The ritual humiliation of Rob Ford continues today, for all the good it will do. This afternoon, Toronto's city council will probably strip him of even more power. Mr. Ford faces having most of his mayoral staff budget removed, along with any authority that's not written into provincial law, which is hardly anything. He would become a mayor in title only.
Unfortunately, that title is all he needs.
In the last two weeks, it's become clear that Torontonians are stuck on board Mr. Ford's fame-fuelled joyride, whether they want to be or not. Mr. Ford is not resigning, even as the wreckage piles up around him, and there's no way, yet, to make him go.
This is the mayor who's admitted to buying illegal drugs, to smoking crack, to drinking and driving, who made graphic remarks about his wife and then made her stand shame-faced in front of the global media as he mumbled a non-apology. This is the man who faced the release of police interviews in which his own staff described an erratic, abusive boss who'd go MIA from work, frequently sound intoxicated and send taxpayer-paid staffers to do his errands and buy his booze.
"These allegations are 100 per cent lies," said Mr. Ford, in what was almost certainly a lie.
By the end of the week, anything that resembled an institution was trying to distance itself from the mayor. The Corporation of the City of Toronto was but one. The organizers of the Santa Claus parade begged the mayor not to march on the weekend, perhaps because it's awkward to tell kids that Santa isn't real, but the crack tape is.
The Toronto Argonauts, which had previously asked the mayor to please not wear its jersey while making graphic remarks about oral sex, were backed up by the CFL commissioner, who asked the mayor to stay away from Sunday's game. (It didn't work.)
Even Iceberg Vodka, which Toronto Police investigators discovered was among Ford's favourites, put out a press release condemning the mayor's drinking and driving. When Iceberg Vodka decides you're dragging down the brand, things are grim.
But institutions don't matter to Rob Ford. The only thing that matters to him is his connection with the electorate, or at least the portion of the electorate that connects with him. So there he was at the Argos game, getting mobbed, an object of adulation and curiosity, posing for pictures, causing chaos, and by all accounts, loving every minute of it. Here he is, appearing on Fox News, on CNN, screaming "Live from New York, it's Saturday Night!" in caricature, a local boy who made good by breaking bad.
Rob Ford is no longer a politician. He is a celebrity. And the thing about celebrity is that it's fundamentally amoral: Famous people can be famous for doing good or doing ill, but eventually they become famous for just being famous.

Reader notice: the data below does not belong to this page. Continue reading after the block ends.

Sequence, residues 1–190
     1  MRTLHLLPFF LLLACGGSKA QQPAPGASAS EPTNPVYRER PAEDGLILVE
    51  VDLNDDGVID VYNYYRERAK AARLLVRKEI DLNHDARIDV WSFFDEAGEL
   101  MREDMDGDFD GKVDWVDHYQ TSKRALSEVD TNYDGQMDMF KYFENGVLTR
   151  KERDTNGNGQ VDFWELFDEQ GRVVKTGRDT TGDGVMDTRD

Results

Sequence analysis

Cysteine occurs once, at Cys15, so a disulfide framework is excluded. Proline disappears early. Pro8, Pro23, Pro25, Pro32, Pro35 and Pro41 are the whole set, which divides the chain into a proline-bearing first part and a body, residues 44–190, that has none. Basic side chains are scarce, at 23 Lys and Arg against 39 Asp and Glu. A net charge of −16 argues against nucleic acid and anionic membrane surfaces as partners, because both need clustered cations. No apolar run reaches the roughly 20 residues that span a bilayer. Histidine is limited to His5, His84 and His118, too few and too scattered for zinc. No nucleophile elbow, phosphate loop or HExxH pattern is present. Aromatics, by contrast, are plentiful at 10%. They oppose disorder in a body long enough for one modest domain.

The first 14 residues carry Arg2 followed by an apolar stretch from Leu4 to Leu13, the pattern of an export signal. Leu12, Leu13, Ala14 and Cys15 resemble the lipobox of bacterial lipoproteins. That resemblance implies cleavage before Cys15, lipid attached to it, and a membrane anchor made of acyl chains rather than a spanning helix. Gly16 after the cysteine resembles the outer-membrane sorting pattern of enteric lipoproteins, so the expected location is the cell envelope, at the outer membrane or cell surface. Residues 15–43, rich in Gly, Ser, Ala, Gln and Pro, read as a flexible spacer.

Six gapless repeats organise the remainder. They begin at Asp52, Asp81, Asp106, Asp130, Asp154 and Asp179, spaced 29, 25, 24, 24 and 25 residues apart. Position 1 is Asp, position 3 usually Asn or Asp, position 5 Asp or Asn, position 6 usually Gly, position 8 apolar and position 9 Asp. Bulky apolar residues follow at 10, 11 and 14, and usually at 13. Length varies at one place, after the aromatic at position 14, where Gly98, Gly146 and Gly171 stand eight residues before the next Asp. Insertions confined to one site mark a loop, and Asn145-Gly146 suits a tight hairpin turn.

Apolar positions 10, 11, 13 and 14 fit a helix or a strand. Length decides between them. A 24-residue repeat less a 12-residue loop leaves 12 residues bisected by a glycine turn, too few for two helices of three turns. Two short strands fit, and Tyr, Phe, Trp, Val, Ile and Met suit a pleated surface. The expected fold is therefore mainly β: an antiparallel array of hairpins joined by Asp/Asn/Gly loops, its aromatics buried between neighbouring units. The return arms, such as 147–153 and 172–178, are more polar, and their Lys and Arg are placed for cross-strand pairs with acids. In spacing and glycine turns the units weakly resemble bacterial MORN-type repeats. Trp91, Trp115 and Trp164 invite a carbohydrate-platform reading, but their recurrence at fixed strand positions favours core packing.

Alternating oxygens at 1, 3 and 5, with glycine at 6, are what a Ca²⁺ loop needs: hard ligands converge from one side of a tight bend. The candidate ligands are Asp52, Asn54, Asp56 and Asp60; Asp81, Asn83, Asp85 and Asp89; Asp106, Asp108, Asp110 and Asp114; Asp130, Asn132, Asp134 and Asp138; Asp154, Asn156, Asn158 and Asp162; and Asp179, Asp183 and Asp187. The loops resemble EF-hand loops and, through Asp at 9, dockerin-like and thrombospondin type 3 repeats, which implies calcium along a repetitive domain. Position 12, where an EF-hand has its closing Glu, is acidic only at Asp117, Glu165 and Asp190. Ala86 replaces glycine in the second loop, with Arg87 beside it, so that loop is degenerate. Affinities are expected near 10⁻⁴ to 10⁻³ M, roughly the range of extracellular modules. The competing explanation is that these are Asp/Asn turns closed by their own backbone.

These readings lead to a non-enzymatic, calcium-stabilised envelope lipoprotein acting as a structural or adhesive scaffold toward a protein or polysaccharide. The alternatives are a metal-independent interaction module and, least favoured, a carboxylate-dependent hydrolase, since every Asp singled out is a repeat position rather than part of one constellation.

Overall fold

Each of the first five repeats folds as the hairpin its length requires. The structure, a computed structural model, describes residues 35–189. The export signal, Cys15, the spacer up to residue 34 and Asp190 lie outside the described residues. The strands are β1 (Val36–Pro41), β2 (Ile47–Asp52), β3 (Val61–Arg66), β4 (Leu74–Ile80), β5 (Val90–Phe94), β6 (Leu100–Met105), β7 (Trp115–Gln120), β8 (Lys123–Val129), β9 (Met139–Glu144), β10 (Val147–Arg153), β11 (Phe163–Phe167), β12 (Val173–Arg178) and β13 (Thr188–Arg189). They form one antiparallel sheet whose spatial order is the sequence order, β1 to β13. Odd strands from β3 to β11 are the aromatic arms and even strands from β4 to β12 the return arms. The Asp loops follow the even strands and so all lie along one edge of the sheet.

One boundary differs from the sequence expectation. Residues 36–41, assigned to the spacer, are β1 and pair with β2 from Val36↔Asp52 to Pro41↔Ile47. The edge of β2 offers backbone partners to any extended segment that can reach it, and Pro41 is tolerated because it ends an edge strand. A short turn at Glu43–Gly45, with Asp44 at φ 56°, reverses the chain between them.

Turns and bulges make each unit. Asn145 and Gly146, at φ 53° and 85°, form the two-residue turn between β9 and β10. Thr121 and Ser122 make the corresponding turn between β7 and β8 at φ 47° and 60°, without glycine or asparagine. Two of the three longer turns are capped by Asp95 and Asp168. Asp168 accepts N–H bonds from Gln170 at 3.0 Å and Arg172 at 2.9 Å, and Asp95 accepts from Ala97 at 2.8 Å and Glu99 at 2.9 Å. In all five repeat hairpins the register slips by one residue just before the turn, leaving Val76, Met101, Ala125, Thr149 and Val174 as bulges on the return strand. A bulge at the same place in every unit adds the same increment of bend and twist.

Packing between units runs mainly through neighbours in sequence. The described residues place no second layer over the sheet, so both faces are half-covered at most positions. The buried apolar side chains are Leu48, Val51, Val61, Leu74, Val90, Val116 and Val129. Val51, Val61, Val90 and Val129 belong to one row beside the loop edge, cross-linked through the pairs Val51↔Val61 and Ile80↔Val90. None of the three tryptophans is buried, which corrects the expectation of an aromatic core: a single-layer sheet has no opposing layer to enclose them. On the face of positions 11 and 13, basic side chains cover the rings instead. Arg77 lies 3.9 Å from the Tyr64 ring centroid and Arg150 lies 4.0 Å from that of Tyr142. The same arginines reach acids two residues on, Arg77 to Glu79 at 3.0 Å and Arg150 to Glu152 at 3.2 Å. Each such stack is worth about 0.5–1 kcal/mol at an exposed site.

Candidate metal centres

Toronto's attempts to strip him of institutional power won't help bring its celebrity mayor back down to Earth. For one thing, Toronto mayors don't have a lot of power in the first place. There's a widespread misconception that Rob Ford runs Toronto. In reality, he mostly just runs around it, occasionally pursued by a Cessna full of cops. Having frittered away his political influence though three years of scandal, and having lost (or fired) the talented staffers who could mount an agenda on his behalf, Ford hasn't led Toronto in any substantive way since early 2012.
More to the point, Rob Ford was never really seemed interested in the exercise of power, merely its perks. Far from being a government-slashing conservative, he has actually pursued a very narrow vision of the mayoralty, one that was never that far from his roots as the ward councillor who drove around Etobicoke in a beat-up minivan, endearing himself to constituents by answering house calls. In the recently-released court documents, Toronto Police noted Ford staffer David Price's assessment of the office: "Mayor Ford loves to do the small stuff, the customer service. The strategic stuff is all Doug Ford."
(And if you think much strategic stuff came to pass, I've got a Ferris wheel in the Port lands to sell you.)
Rob Ford's real power doesn't come from by-laws or committee chairs. His power is derived from one word: "Mayor." It's the word that means that he was elected to the post by a popular vote. It's the word that gives him the moral authority to speak for a city. It's a title he's rendered himself unfit for, but as long as he holds it, it makes him impossible to ignore.
It's the fact of the mayoralty, not its powers, that lets him command headlines, inflame grievances, and shape the sprit of the times. As long as he's a sitting, duly-elected mayor, the media will report on everything he says, as they have so diligently thus far. Now that he's been introduced to the world media, we can expect them to stay tuned as well. The SUN TV show he's failed his way into by dint of scandal and notoriety debuts tonight. Certainly, nobody seems capable of looking away.
As long as he's our mayor, we are bound to him. We somehow elected him, and everything he says and does until leaving office will be a reflection on his electorate. Council cannot strip Ford of the only power that matters: the electoral legitimacy that gives him his platform.
For all his disgrace, it remains legitimate, and the premier is reluctant to step in, for that very reason. Forcibly prising it from him could have consequences far worse than leaving him be: He would not only become a martyr, but set a precedent for the removal of future mayors, on grounds that could well be less egregious and more political.
The best-case scenario sees an inkling of conscience visit Ford, to tell him that he's hurting the city he says he loves by staying. But he is a celebrity now, and it seems to agree with him. We could be in this for the long haul.
Ivor Tossell writes about online culture, urban affairs and technology